Misuse of safey cases

Author: Ello Weits
Co-author: Stefano Stanghellini
Day: Aspect Day One

Safety Session

In the everyday practice of railway signalling projects safety management seems to be the same as delivery of safety cases. There is a very strong focus on producing safety cases which, after positive ISA statements have been obtained, are submitted to a regulator (usually the NSA).

After ISA assessment and approval by the regulator any change to the baseline makes the safety case invalid, unless assessment and approval processes are restarted. Safety cases usually are Word documents, full of references to other documents regarding design, HW and SW versions, as-installed baseline etcetera. Updating safety cases and renewal of assessment and approval therefore is a time-consuming task. In summary there is a severe penalty on changes to a baseline (implementing improvements and upgrades), once the safety case has been finalised and assessed. They tend to immobilise the status quo.

A second and more important and unfortunate side effect of the focus on safety cases is that the safety case and its approval tend to drive in various ways the safety management processes, instead of the other way around. The deadlines for completing the safety case are transferred to the safety management processes. These processes and their supporting quality management processes are likely to be delayed until the safety case has to be completed. Furthermore, the scope of the safety management processes tends to be reduced to what needs to be captured in the safety case. Instead of a push relation (safety management is summarised in the safety case) we often see a pull relation (the summarising safety case reduces the scope of the safety management processes). In summary, the set-up of the safety cases determines scope and timing of safety management work.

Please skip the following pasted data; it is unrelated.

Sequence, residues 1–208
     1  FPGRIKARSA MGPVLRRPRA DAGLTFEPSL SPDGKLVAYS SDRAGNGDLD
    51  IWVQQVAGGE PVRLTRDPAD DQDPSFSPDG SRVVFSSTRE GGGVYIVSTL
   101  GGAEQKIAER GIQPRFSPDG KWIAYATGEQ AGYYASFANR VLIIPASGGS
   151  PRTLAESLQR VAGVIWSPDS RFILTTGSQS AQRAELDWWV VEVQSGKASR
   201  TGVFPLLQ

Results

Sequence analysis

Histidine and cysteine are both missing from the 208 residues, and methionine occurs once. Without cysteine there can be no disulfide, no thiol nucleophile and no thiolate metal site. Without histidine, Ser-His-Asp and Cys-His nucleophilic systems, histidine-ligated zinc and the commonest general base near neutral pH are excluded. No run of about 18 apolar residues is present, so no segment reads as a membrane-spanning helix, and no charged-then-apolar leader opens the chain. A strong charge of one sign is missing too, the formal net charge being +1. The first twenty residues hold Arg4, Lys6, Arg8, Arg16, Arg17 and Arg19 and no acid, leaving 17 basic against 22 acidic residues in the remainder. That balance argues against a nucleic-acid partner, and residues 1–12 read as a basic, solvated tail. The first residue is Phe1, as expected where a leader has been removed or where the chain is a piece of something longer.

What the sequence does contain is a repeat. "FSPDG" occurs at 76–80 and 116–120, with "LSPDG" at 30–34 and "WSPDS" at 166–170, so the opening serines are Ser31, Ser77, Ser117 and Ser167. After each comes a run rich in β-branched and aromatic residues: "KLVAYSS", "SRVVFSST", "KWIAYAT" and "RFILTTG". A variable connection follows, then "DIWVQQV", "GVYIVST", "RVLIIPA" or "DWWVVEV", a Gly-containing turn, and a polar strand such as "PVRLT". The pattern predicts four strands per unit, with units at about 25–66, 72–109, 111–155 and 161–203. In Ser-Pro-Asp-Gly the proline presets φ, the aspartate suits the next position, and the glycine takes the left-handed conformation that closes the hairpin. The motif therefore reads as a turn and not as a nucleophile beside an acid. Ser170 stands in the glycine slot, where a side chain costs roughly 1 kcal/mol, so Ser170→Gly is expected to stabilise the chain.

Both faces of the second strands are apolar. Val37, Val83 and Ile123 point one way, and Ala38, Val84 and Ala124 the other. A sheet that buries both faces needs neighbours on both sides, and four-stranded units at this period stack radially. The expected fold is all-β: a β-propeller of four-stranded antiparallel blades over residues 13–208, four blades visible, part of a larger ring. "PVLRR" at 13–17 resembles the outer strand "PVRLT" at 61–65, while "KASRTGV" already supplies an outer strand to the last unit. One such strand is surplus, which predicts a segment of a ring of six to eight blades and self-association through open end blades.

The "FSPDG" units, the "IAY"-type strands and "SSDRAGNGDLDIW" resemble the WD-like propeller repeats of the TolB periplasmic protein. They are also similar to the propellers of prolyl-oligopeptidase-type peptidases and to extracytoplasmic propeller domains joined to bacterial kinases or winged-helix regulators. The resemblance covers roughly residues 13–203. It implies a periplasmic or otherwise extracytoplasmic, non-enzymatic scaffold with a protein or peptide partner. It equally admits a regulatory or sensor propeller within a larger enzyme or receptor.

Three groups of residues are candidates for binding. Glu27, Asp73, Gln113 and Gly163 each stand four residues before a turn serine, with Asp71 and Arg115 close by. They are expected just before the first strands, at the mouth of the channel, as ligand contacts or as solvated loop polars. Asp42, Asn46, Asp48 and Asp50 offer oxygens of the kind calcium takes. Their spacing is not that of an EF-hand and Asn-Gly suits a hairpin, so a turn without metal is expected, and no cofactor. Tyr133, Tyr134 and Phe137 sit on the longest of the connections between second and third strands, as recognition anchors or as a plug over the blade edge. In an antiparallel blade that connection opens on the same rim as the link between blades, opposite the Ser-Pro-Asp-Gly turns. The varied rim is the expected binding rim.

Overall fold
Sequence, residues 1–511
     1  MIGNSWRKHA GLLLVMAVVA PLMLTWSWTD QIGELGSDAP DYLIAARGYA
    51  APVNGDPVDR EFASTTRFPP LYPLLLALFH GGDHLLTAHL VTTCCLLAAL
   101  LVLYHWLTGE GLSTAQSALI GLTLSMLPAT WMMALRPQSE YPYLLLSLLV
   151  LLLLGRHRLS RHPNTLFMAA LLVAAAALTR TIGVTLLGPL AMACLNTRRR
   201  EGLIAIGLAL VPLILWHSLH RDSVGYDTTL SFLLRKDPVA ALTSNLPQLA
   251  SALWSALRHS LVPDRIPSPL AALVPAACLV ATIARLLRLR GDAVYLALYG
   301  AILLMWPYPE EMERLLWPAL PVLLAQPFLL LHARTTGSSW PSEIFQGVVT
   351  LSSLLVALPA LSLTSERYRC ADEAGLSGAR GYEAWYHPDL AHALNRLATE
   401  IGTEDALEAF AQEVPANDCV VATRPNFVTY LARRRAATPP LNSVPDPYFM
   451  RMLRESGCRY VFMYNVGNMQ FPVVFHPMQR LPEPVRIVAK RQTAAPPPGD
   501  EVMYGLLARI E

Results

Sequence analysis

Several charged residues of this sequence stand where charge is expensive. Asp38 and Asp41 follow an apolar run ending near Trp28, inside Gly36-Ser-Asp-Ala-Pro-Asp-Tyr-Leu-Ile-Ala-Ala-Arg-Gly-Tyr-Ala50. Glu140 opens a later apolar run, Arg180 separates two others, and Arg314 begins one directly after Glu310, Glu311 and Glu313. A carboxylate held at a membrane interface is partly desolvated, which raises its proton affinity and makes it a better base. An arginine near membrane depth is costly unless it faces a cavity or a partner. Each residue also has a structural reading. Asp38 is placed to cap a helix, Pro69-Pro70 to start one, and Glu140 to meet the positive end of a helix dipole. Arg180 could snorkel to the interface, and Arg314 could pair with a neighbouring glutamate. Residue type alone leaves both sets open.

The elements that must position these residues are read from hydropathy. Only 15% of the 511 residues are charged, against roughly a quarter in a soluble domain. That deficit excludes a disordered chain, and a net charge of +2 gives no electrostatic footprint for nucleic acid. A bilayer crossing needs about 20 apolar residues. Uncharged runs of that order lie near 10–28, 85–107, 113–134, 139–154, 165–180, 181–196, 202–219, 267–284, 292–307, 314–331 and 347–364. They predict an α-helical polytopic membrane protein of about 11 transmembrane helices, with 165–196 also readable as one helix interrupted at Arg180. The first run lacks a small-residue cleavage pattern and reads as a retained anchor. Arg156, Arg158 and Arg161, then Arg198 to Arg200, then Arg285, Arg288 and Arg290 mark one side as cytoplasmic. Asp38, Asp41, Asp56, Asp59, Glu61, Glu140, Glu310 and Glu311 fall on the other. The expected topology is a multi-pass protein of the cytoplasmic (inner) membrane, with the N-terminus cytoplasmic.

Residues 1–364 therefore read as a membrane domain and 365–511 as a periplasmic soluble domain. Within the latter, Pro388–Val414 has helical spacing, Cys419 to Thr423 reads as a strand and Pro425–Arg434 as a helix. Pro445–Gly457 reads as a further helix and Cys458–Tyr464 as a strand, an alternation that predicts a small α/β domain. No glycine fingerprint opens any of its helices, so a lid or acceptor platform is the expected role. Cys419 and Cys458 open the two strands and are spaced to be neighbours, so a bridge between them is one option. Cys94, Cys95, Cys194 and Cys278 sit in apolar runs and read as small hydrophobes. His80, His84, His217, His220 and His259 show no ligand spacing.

This too strong focus on the safety cases (at the cost of the safety management) process is seen both at supplier’s and at customer’s side. Partly because of contractual reasons discussions between customer and supplier tend to concentrate on the delivery of safety cases that are positively assessed by an ISA. Then it is sometimes up to the ISA to proactively request and inspect evidences that must be produced during the life cycle of the project.

The paper describes the situation just sketched in more detail and outlines a solution. In essence the solution is to clearly separate safety management from the delivery of safety cases. As Wim Coenraad wrote in 2009 on behalf of the International Technical Committee of the IRSE (in “Towards the one page safety case: less paper and more assurance”): “any project, any supplier that applies the systems- and safety assurance processes that are now the norm in our industry […] should not need more than ten pages and two weeks [for a safety case] to explain all that and convince their Independent Safety Assessor (ISA)”. In other words safety management is the central, continuous and controlled activity; safety cases are just a by-product, a snap-shot of that activity.